The question that everyone is …

Posted in Op-eds | Tagged , and | 7 Comments

Jo Swinson MP writes: Making inroads into our looks-obsessed culture

Last year, Lynne Featherstone MP and I launched the Campaign for Body Confidence. Since then, we have been raising the profile of the urgent need to address increasing body dissatisfaction in the UK. Everyone should be able, whatever their size, shape, age or skin colour, to feel good about their body.

The bombardment of super-skinny flawless models advertising everything from face cream to cars is puts an overwhelming pressure on women, men and children to conform to impossible and unrealistic beauty ‘ideals’. This is damaging our sense of wellbeing and leading to increasing unhappiness, anxiety, low self-esteem, depression and eating …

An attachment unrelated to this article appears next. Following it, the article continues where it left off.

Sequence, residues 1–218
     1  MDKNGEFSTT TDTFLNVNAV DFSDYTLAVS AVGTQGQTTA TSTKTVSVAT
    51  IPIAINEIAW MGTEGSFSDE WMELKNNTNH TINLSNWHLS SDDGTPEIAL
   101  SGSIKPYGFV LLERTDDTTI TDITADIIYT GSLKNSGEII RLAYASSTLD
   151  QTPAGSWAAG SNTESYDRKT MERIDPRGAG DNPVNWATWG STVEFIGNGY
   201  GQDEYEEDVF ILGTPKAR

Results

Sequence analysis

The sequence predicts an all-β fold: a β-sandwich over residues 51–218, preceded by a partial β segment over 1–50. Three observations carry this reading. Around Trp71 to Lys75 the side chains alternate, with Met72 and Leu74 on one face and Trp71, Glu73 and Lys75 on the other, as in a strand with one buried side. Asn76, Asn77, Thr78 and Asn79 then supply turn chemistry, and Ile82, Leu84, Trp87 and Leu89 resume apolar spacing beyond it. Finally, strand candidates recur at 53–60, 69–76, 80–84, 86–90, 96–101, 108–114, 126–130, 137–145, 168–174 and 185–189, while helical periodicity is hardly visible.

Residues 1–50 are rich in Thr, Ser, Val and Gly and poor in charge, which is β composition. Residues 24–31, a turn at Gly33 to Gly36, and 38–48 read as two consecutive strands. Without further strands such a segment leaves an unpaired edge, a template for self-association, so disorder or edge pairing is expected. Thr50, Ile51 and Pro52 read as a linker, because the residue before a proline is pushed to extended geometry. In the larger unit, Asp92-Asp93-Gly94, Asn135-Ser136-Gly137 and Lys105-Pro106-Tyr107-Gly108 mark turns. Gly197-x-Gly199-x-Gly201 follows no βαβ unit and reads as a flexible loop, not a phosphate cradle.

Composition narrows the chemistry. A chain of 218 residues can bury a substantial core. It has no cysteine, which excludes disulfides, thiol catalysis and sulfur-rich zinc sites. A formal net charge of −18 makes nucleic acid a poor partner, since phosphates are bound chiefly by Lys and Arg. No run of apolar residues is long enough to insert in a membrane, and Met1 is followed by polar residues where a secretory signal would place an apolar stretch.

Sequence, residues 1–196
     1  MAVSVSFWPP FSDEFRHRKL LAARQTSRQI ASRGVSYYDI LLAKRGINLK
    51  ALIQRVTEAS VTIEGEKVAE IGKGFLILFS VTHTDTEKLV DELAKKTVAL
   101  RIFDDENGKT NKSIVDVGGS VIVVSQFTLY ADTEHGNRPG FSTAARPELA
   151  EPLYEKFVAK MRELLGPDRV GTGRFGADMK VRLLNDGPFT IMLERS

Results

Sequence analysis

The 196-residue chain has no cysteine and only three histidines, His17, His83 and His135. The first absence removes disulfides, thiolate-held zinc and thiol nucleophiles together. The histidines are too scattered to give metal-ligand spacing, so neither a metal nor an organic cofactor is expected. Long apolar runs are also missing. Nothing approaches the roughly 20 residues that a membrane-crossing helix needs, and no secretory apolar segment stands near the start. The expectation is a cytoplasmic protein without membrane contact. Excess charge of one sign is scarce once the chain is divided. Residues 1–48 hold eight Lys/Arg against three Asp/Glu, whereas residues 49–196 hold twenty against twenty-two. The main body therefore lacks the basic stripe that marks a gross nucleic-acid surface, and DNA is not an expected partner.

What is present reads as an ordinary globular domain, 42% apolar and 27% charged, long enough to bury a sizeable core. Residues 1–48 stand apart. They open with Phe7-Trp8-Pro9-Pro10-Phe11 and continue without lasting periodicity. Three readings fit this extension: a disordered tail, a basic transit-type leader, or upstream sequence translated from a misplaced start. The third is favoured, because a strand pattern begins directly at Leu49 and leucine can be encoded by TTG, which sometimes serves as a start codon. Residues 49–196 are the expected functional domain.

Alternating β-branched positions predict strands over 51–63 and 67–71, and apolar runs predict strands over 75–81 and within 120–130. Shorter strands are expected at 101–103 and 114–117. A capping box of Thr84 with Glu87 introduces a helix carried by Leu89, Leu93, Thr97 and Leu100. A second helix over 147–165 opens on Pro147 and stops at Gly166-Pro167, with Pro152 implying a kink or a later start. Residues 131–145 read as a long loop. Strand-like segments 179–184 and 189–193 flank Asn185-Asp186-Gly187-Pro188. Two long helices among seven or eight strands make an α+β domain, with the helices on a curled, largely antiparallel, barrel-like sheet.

Posted in Op-eds | Tagged and | 13 Comments

Jo Swinson MP writes on tuition fees

Today the Government has outlined its response to the Browne review, and the future of higher education funding. This is arguably the most challenging issue for Liberal Democrats in the coalition so far.

Our party has long prided itself on its commitment to education as the great leveller; the best way to create social mobility and equality of opportunity in society. The flagship “penny on income tax for education” was one of the reasons I joined the party in 1997. My first conference speech was in a debate about student funding, as we passed our policy …

Posted in Op-eds | 140 Comments

Opinion: No to All-Men Shortlists‏

At our 2001 party conference I donned a shocking pink t-shirt emblazoned with the slogan “I am not a token woman” and spoke in opposition to all-women shortlists.

Eight years on, I am still opposed to the use of single gender shortlists, but I wonder if I was then taking aim at the wrong target.

Research done by the party in advance of Nick Clegg’s recent appearance before the Speaker’s Conference showed, as I argued back in 2001, no evidence that our party discriminates against women in candidate selections.